Impact of two psychosocial interventions on White and African American family caregivers of individuals with dementia

Louis Burgio, Alan Stevens, Delois Guy, David L. Roth, William E. Haley

Research output: Contribution to journalArticlepeer-review

Abstract

Purpose: We developed manual-guided, replicable interventions based on common needs and cultural preferences of White and African American family caregivers (CGs) of individuals with dementia, and we evaluated these interventions after a 6-month follow-up. Design and Methods: We randomly assigned White (n = 70) and African American (n = 48) CGs of individuals with dementia to either a skills training condition or a minimal support control condition. Results: The degree of treatment implementation was methodically assessed, and findings demonstrated that both interventions were delivered according to protocol and were well received by CGs. CGs in both groups reported decreasing levels of problem behaviors and appraisals of behavioral bother, and increased satisfaction with leisure activities over time. On a measure of appraisal of distress related to behavior problems, White CGs showed more improvement in the minimal support control condition, and African American CGs showed the greatest improvements in the skills training condition. Spouse and nonspouse CGs also showed differential responses to intervention. Implications: Brief manual-guided interventions can be effective with White and African American CGs, and greater attention should be paid to possible differential responses to interventions by race and relationship to care recipient.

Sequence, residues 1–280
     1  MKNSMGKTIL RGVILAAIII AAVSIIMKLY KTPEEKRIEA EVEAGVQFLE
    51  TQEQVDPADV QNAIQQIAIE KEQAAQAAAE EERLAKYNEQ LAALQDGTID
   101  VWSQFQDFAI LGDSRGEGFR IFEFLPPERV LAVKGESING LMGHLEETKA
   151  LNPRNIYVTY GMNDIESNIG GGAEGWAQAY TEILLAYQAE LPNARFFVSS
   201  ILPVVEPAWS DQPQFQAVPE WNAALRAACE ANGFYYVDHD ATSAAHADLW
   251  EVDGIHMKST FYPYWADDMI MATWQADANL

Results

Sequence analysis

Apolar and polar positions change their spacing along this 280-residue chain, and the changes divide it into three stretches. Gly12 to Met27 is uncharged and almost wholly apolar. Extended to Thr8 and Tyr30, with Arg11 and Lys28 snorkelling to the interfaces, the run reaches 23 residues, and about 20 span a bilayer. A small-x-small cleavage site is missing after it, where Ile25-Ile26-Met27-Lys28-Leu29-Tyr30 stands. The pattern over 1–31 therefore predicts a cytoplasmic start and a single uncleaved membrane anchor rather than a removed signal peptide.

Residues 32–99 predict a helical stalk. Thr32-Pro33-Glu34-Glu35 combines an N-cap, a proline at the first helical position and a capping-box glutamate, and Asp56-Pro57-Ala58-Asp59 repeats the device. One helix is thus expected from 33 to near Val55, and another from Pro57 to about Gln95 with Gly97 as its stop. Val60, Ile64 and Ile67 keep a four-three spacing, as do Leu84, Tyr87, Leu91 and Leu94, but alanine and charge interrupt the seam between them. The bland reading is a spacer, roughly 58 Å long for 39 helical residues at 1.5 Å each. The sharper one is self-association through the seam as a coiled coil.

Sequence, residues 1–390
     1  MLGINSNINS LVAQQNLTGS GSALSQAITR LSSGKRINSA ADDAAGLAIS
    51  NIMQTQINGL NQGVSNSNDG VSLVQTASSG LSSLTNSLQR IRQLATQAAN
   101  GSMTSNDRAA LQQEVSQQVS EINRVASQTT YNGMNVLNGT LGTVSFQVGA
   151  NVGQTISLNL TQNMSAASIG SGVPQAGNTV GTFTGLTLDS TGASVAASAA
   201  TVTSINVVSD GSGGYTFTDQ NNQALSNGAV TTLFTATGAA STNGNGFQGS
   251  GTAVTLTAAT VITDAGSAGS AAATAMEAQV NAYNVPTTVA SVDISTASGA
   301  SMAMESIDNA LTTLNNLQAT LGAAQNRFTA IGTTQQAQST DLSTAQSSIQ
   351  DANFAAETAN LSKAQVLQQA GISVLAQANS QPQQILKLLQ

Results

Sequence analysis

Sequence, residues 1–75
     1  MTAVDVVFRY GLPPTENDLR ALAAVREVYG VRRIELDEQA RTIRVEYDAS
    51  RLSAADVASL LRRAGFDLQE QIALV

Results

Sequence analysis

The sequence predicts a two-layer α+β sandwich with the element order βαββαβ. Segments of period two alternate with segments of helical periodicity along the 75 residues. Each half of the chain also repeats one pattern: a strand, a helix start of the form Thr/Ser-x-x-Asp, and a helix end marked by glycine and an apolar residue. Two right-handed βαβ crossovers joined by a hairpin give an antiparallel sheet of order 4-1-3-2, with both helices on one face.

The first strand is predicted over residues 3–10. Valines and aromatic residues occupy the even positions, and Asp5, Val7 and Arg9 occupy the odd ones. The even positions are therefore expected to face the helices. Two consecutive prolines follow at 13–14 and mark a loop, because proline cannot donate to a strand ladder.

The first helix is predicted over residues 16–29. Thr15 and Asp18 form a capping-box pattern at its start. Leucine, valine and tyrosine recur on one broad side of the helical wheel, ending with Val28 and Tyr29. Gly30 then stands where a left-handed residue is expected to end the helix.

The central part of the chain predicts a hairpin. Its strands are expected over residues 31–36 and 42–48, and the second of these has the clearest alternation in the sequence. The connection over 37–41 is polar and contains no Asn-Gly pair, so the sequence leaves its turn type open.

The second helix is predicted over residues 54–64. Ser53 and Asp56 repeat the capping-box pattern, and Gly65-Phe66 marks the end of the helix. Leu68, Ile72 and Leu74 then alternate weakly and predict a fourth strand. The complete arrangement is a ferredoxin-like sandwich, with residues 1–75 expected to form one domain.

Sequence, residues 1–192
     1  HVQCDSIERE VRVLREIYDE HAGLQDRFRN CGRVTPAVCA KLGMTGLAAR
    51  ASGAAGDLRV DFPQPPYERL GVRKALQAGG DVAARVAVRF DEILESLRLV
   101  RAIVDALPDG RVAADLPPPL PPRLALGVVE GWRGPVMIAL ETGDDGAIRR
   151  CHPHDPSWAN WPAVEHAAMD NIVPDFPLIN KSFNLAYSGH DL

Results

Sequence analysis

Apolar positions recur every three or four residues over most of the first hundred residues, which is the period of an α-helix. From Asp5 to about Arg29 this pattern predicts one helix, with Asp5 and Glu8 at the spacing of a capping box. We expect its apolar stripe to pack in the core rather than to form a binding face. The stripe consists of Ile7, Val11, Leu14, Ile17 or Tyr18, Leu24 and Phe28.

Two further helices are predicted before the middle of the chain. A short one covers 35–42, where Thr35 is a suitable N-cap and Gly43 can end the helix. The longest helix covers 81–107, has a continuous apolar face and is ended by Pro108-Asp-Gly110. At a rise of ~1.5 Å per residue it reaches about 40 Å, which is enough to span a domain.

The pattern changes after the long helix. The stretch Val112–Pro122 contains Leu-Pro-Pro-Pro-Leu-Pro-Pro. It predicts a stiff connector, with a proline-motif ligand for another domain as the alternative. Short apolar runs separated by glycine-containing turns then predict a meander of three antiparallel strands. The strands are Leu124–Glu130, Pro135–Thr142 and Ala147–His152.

Original languageEnglish (US)
Pages (from-to)568-579
Number of pages12
JournalGerontologist
Volume43
Issue number4
DOIs
StatePublished - Aug 2003
Externally publishedYes

Keywords

  • Dementia caregiving
  • Intervention
  • Racial diversity

ASJC Scopus subject areas

  • Gerontology
  • Geriatrics and Gerontology

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